This piece also in the Irish Times today:

“Emails, texts and phone calls kept coming all week as hordes of foreign journalists flew into our beleaguered country.  … [A]ll of them were hunting for ghost estates.  Images of empty Irish houses, the symbol pretty universally chosen to illustrate our plight, haunted TV screens and foreign newspapers.  But where to find them?  Bill Nowlan maintains that journalists will have a hard time tracking real ‘ghost estates’ down.  Says Nowlan  ‘It’s hard to find semi-derelict tumbleweed estates – because they’re largely a media fiction.”

As per the early post today, 1,475 estates out of the 2,846 unfinished estates identified by the DEHLG have uncompleted properties on them.  Admittedly they are not all semi-derelict tumbleweed estates, and many of them are nice estates, but one doesn’t have trouble finding unfinished estates that look worse for wear (especially on estates where there are high rates of under-construction properties).   Media fiction they are not, though the media does focus on the very worst of them (which I agree is not helpful or fully representative of the range of conditions of estates and this variation does need to enter into the discussion about them).  And as the earlier post notes, these estates have a range of real issues that need redress.  However, it is certainly not hard to find them – take a drive through any county in the country.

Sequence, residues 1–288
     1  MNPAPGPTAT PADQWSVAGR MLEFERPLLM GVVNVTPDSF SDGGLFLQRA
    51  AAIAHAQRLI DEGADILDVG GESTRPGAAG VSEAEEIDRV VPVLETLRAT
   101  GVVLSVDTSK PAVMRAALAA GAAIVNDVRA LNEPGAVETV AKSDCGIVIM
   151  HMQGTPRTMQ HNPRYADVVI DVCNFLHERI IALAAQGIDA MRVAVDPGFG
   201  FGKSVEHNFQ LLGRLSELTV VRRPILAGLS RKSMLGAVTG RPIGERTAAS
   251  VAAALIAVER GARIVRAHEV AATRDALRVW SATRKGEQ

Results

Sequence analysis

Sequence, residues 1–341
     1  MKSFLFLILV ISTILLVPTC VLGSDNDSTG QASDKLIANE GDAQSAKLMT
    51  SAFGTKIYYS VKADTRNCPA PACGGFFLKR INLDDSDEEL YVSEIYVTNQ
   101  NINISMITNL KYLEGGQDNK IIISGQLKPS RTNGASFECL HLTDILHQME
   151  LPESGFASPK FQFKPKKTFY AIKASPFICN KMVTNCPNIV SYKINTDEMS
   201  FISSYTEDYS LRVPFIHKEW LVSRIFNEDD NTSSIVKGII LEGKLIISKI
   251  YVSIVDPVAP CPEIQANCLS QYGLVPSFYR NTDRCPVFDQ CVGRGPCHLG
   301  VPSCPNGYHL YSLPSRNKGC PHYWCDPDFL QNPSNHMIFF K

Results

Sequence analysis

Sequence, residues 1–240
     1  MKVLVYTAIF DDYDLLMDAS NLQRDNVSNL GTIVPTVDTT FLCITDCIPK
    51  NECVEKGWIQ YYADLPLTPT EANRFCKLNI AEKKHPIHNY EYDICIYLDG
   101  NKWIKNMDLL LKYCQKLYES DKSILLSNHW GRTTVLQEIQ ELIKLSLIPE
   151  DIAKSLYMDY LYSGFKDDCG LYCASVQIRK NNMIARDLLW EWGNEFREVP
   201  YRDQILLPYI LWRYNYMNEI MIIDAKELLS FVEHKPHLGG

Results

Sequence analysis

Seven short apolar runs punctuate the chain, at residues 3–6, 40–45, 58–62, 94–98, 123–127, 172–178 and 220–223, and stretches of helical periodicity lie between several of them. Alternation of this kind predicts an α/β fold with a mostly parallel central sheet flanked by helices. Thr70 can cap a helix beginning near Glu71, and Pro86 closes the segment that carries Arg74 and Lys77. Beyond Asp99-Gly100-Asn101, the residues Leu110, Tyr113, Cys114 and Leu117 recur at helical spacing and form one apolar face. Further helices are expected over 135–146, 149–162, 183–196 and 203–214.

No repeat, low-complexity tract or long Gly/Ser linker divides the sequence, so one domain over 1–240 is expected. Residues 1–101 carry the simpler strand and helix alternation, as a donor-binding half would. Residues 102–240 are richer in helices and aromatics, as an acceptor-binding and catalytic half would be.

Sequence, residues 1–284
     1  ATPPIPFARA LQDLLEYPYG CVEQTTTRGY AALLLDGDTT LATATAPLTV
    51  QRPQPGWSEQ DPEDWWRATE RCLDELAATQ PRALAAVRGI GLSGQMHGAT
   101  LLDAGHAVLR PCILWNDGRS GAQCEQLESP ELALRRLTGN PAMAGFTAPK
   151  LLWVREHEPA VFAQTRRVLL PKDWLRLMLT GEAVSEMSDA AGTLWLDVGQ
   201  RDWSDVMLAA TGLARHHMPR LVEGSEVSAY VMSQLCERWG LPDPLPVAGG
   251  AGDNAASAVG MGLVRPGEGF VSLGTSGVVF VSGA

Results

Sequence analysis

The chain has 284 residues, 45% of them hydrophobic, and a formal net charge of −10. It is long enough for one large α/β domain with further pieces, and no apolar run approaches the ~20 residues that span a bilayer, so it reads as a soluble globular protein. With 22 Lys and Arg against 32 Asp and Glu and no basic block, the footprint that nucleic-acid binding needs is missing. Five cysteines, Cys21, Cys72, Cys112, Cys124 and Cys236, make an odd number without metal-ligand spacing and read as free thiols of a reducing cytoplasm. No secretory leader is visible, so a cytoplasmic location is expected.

Unfinished estates are chosen as a symbol to highlight our plight because ultimately lending for property is at the root of the state we find ourselves in.  We take no pleasure in having to point out they exist, but pretending that they don’t or that only a handful have issues will not help address the problems residents or the property market faces.

If anyone else approaches the Irish Times and the IT doesn’t know where to point them – either direct them to the maps on the DEHLG website or refer them to www.ghostestates.com, but don’t pretend the 2,846 unfinished estates don’t exist or that the problems relating to them are trivial.  Denial is not going to make the issue go away (ask Brian Lenihan about the banking and fiscal crisis).  Next we’ll be told we don’t have any zombie hotels, or empty retail parks, or vacant offices, etc.  They too are a mirage.

Rob Kitchin

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